Not Just For Frown Lines, Botox Jabs Can Save Heart Patients Too
The wrinkle-reducing wonder drug or the freaky facial poison; that’s Botox for you depending on which side of the battle you are on. The face-freezing frenzy which kicked off when Botox was approved by the US FDA in 2002, is now a culture force that has changed the way the rich-and-the-famous age today.
And Botox has gone through more reinventions than Madonna since it first hit the medical scene in 1989 in Canada. From treating migraines, cerebral palsy, drooling problems, sweating issues, anal fissures to muscle spasms, there is so much more to this anti-wrinkle zapper than just marbleising the facial skin.
In the latest, doctors from the American Heart Association have found that Botox injected around the heart after a bypass surgery can prevent the most common post-surgery complication, arrhythmia or irregular heartbeat which affects one-third patients.
How Botox Smoothens the Heartbeats
Arrhythmia affect more than a million Indians every year and if left untreated it can lead to kidney damage, stroke and is even fatal in some conditions.
The study was done by scientists in Russia on 60 bypass patients, half of them were randomly given saline injections post the surgery and the other half were injected with the wonder drug Botox to ease out the complications. All these patients had a history of arrhythmia’s before surgery and were considered high-risk for new episodes.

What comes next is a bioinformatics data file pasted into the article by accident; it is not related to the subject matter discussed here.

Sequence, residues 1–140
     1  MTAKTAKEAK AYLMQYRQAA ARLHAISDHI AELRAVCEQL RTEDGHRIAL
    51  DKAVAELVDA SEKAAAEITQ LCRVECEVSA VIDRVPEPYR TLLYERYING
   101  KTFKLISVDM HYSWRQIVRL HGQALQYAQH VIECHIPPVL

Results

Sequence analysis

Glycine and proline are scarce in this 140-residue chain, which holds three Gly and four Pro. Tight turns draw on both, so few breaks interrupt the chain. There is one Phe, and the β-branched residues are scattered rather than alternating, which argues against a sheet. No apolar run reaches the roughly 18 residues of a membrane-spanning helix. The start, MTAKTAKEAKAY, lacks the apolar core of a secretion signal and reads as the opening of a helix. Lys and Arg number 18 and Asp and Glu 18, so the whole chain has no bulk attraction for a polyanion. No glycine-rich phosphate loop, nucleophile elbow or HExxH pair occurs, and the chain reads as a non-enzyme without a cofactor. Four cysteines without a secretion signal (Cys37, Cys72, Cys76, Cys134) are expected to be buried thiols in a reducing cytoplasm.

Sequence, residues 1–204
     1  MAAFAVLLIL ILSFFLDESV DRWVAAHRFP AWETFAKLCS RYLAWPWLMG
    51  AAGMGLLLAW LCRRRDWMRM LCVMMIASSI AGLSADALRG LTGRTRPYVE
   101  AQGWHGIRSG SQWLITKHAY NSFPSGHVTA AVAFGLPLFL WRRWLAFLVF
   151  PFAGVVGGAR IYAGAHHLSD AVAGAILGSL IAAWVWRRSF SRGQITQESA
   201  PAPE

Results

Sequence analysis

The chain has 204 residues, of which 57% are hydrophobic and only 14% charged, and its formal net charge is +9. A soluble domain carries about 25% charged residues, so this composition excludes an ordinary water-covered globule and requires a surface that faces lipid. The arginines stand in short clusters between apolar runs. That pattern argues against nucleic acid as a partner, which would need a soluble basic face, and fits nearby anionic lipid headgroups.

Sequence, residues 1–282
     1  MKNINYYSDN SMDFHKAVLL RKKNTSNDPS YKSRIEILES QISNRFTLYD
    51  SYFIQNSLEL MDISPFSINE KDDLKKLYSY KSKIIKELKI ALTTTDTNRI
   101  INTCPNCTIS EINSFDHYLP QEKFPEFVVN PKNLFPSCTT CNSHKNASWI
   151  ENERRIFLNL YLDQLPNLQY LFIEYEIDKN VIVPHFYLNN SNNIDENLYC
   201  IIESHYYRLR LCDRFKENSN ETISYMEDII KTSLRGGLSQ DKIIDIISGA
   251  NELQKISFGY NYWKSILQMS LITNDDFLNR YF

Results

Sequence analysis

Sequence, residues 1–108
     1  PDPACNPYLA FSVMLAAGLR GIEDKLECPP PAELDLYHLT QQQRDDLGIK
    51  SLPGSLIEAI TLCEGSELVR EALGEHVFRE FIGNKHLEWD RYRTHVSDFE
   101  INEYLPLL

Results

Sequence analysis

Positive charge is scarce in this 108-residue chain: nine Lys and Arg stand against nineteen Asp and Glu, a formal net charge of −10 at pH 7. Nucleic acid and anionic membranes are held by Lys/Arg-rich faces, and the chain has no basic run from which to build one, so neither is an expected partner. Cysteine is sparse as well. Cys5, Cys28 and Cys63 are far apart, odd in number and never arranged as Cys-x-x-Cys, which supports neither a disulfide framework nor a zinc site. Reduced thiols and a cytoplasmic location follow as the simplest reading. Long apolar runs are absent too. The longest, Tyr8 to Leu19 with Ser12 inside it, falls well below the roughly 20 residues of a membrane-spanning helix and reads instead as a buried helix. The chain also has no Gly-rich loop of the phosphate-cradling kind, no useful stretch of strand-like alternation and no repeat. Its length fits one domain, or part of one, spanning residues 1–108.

In the first month after the surgery, only 7% of those who got the Botox jabs developed irregular heartbeats in comparison to the 30% of those given saline.
One year after surgery, none of those who got Botox had the rhythm problem, but 30% of those who were given saline developed the condition.
The findings have got cardiologists around the world excited because till now there were very few effective options to treat irregular heartbeats.
Arrhythmia’s always mean long hospitalisations, increased costs and heavy medication. This study has opened a whole new line of thinking and research. In the near future, we believe all forms of arrhythmia’s will be treated the Botox way, but we’re not quite there yet.
Dr Jonathan Steinberg, Senior Study Author
The study involved a small number of patients so the technique will have to be tested in a larger group of those undergoing an open heart surgery.
But the results are very encouraging for addressing one of the major complications of bypass surgery. And one thing is clear: Botox is surely medicine’s answer to duct tape!
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